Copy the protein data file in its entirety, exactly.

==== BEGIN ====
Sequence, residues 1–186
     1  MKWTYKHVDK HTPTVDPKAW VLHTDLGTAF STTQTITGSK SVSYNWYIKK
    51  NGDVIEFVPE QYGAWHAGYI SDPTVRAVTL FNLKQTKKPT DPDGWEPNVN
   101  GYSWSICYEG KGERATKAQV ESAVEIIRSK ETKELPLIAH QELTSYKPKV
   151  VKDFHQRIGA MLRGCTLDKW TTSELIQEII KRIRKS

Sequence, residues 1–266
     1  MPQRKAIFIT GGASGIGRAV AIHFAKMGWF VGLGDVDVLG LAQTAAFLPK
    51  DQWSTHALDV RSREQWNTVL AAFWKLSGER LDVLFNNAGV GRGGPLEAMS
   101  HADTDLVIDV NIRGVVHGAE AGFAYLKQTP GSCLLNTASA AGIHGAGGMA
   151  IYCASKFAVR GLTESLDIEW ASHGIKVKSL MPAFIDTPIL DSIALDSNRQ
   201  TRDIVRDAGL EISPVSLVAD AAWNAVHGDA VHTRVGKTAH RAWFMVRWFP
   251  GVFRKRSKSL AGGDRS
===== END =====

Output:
Sequence, residues 1–186
     1  MKWTYKHVDK HTPTVDPKAW VLHTDLGTAF STTQTITGSK SVSYNWYIKK
    51  NGDVIEFVPE QYGAWHAGYI SDPTVRAVTL FNLKQTKKPT DPDGWEPNVN
   101  GYSWSICYEG KGERATKAQV ESAVEIIRSK ETKELPLIAH QELTSYKPKV
   151  VKDFHQRIGA MLRGCTLDKW TTSELIQEII KRIRKS

Sequence, residues 1–266
     1  MPQRKAIFIT GGASGIGRAV AIHFAKMGWF VGLGDVDVLG LAQTAAFLPK
    51  DQWSTHALDV RSREQWNTVL AAFWKLSGER LDVLFNNAGV GRGGPLEAMS
   101  HADTDLVIDV NIRGVVHGAE AGFAYLKQTP GSCLLNTASA AGIHGAGGMA
   151  IYCASKFAVR GLTESLDIEW ASHGIKVKSL MPAFIDTPIL DSIALDSNRQ
   201  TRDIVRDAGL EISPVSLVAD AAWNAVHGDA VHTRVGKTAH RAWFMVRWFP
   251  GVFRKRSKSL AGGDRS